Tuesday, May 13, 2014 | 2:04 p.m.
A Bronx Tale
In 85 emotional, jam-packed minutes tonight, stage and film actor Chazz Palminteri will play 18 characters nonstop in his one-man show “A Bronx Tale.” It’s a powerful tour de force that’s mesmerized audiences previously in Las Vegas at the Mirage and the Venetian.
Now it’s at the prestigious Reynolds Hall in the Smith Center for the Performing Arts for one night only and just two days before Chazz’s 63rd birthday.
Critics describe “A Bronx Tale” as a classic coming-of-age story about a young boy from a working-class family in one of the New York City boroughs who gets involved in organized crime. His bus-driver father tries to keep him on the straight-and-narrow instead of getting caught up in the supposed glamour of hoodlums and thugs.
Chazz prefers it to be thought of as a family story rather than a tale of the Mafia. But there’s no doubt that the 1993 movie directed by his pal Robert De Niro depicts the 1960s gangster era.
Chazz is thrilled to be back in Las Vegas with his one-man show: “I’m always ecstatic to perform here. I honestly wish that it was more often. I’d be very happy spending 12 weeks a year in Las Vegas. I feel right at home here.”
The Academy Award-nominated actor for “Bullets Over Broadway” first staged his early life story in 1989 off-Broadway, and it became a Broadway hit in 2007.
“It’s a great story like a Shakespearean play, and people can relate to the characters. It worked on Broadway. It worked in the 30 cities I took it on tour to,” he told me. “I just never thought it would work as well as it has in Las Vegas. That’s incredible and amazing.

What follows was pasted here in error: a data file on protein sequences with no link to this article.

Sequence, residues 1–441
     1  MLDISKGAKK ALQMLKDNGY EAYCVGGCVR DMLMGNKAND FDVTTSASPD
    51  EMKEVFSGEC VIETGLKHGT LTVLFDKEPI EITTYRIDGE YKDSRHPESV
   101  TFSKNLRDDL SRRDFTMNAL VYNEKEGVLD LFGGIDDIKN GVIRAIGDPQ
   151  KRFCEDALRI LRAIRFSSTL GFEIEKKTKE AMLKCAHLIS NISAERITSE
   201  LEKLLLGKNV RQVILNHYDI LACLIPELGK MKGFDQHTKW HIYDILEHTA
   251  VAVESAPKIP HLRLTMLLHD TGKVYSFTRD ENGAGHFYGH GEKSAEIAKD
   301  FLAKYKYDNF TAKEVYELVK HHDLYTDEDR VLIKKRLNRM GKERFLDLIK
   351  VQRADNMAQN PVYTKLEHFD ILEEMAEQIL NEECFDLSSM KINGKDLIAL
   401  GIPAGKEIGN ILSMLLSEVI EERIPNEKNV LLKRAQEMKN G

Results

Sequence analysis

“It connects with everyone from 14 years of age up to 90 years of age be they male or female. It works even more effectively because the audience is seeing me on the stage. There’s that presence; it’s visceral. They can say, ‘That is the guy. This is his story.’
“I’ve always liked Las Vegas. It’s now becoming my second home. I love the restaurants, the beach clubs and the night action. I’m fanatical about being healthy and staying healthy, but the play is a real physical workout each time, so there can’t be any double shows in one evening.
“I wrote the play and the screenplay for the movie so I know it inside out. I felt do it right and the sophisticated Las Vegas audience would sit still for it and realize that it was a great feast they could bite into and say well done.
“The play is that solid. We’re not competing with acrobatics or comedy shows with impressionists. This was real life, and it packs a solid punch.”
Robin Leach has been a journalist for more than 50 years and has spent the past decade giving readers the inside scoop on Las Vegas, the world’s premier platinum playground.
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